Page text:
In a six-week series of interviews, Canadians with a variety of experiences discuss the major challenges our country is facing and how best to address them. This instalment deals with renewing our democratic institutions.
Michael Chong, member of Parliament for Wellington-Halton Hills, was interviewed on Sept. 26 by Adam Kahane, chairman, North America, of Reos Partners.
Kahane: What keeps you up at night?
Chong: Canada is now an outlier amongst Westminster parliamentary democracies because of several changes in the way we do things. First, caucuses no longer have a direct say in the election or removal of party leaders. Second, party leaders now have unbelievable power to decide on party candidates. Third, caucuses are no longer decision-making bodies and their decisions don't bind the caucus leadership. As a result, party leaders, in particular the party leader in power, the Prime Minister, have almost unchecked power. This is a serious, serious challenge to the strength of our democracy.
In the short run, command-and-control models of governance can produce huge gains, but in the long run, they fall flat. Without checks and balances, at some point a bad leader comes along and undoes all of the gains made, and then some. Democracies are frustrating in the short run, because the lack of concentrated power makes for less efficient decision making, but in the long run they get it right. If you look at the past 180 years, all evidence points to the fact that people in an educated, civilized and enlightened society will make the right decisions.
Kahane: If things turn out badly over the next 20 years, what would have happened?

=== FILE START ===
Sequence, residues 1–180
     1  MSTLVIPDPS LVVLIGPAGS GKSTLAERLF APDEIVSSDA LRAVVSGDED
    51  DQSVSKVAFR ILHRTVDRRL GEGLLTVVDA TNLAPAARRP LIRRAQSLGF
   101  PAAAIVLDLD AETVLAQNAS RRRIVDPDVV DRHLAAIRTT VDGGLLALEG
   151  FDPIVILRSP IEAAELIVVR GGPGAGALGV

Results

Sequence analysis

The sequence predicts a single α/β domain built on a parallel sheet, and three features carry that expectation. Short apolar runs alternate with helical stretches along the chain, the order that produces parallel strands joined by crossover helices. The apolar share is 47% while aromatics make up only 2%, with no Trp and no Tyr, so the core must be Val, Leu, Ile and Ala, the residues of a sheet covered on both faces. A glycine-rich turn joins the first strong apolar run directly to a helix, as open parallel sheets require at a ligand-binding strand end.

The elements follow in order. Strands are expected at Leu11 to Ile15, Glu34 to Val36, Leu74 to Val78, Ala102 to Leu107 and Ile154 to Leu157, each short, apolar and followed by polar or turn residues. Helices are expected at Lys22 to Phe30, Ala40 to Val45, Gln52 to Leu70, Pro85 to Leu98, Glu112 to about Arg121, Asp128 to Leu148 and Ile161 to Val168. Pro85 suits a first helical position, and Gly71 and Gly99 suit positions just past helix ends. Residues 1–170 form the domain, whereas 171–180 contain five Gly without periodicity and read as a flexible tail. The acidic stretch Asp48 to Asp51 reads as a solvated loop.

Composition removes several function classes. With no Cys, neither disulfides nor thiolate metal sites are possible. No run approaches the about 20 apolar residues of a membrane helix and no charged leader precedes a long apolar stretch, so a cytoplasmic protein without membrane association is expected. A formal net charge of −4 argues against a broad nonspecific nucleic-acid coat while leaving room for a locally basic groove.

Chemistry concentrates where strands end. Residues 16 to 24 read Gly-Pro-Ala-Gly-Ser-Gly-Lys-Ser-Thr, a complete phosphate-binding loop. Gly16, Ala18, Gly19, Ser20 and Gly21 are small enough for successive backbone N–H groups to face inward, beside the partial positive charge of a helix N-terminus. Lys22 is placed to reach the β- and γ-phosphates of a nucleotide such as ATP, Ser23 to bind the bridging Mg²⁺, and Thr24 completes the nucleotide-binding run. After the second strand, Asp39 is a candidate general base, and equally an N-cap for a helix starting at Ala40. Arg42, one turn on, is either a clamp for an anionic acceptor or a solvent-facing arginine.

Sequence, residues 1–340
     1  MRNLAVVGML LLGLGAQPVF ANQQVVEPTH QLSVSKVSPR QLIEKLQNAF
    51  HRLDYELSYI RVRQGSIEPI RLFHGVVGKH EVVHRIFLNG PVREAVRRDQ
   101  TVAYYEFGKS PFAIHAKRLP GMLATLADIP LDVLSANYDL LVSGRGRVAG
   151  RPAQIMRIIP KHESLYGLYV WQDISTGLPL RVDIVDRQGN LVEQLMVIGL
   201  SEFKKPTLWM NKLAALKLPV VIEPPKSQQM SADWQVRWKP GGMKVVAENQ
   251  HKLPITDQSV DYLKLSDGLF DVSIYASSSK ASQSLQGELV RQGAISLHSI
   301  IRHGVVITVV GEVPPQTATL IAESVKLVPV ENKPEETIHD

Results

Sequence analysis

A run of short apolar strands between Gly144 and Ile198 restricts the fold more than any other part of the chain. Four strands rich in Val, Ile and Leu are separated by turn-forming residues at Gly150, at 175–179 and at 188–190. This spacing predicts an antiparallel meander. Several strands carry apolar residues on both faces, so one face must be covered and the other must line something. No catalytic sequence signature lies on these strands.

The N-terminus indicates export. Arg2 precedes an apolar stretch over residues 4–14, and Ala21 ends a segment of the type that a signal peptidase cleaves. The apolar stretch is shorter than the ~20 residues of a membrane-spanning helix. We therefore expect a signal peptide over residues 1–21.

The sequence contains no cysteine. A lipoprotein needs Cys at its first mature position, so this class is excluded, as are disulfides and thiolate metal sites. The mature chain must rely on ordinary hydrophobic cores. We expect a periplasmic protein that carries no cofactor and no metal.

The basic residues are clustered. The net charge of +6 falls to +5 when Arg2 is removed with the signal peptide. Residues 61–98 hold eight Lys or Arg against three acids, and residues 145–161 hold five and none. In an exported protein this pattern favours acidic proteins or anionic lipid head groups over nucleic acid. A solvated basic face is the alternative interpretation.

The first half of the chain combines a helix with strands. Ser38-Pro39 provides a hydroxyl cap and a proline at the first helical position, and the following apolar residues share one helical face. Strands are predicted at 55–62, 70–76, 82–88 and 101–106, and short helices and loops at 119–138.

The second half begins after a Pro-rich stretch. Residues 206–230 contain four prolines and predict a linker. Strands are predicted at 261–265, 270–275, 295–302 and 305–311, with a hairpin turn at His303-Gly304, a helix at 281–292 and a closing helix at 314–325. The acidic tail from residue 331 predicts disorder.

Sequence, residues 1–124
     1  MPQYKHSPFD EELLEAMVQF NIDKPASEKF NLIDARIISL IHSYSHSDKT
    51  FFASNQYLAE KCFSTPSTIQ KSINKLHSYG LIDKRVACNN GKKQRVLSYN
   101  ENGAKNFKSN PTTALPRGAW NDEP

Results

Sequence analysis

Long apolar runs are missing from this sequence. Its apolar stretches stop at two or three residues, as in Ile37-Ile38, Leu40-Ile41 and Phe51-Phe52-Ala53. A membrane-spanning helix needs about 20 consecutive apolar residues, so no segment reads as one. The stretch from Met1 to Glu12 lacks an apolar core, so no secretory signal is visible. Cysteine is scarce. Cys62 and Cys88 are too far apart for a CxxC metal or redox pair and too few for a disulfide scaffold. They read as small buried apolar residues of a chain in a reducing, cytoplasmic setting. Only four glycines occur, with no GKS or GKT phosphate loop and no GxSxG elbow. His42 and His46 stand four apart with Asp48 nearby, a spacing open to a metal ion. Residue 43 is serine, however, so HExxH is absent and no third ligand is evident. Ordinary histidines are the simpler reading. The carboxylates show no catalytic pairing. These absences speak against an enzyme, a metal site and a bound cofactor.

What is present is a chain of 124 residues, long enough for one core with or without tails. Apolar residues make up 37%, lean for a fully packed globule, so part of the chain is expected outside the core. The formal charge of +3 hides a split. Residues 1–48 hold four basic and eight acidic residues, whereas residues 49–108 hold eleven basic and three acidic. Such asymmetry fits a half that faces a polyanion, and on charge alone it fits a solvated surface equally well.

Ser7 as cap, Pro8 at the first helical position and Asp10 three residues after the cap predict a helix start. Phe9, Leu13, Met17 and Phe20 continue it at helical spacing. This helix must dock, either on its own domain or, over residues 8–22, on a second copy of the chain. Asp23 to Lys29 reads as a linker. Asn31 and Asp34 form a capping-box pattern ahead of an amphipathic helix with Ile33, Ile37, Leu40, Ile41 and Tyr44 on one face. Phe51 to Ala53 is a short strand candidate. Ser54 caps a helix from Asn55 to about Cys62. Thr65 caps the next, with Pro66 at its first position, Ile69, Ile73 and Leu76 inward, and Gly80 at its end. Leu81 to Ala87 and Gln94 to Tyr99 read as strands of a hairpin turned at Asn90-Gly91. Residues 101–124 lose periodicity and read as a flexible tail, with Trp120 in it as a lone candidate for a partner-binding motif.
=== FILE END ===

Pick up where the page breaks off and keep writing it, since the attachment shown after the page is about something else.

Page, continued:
Chong: Polling data shows that Canadians are losing faith in their democratic institutions. Voter turnout has declined precipitously in the past 20 years. In the last federal election, four out of 10 Canadians chose not to vote. That's one of the lowest rates amongst Western democracies. If, in the next 20 years, we fail to renew our democratic institutions, engage Canadians in a meaningful way and make these institutions more relevant to them, it's not inconceivable that voter turnout could decline to 50 per cent or even 40 per cent. If that happens, these institutions will lack the legitimacy to act in a decisive way. We'd be looking at a system with even greater executive power and a legislative branch that is no longer central in our public life.
If parliamentary reform fails, that increases the risk that we won't be able to deal successfully with a range of issues. For example, as our economy has become more urban and more service-based, we face significant challenges in our large city regions, including Toronto, Montreal, Vancouver, Calgary, Edmonton and Halifax. Look what has happened with Pittsburgh and Detroit. Both were manufacturing and industrial powerhouses throughout the late 19th and first half of the 20th centuries. Both became Rust Belt cities with the decline of manufacturing and certain industrial sectors in North America. Today, Pittsburgh is a symbol of success; Detroit is not. Pittsburgh had good democratic governance that was able to respond to the decline of the steel industry and reinvent the city. The problem with Detroit wasn't that the auto industry declined; it was that its democratic leaders and institutions failed to respond to that challenge.
Possible Canadas is a project created by Reos Partners, the J.W. McConnell Family Foundation and a diverse coalition of philanthropic and community organizations. For longer versions of these interviews, or to join the conversation, visit possiblecanadas.ca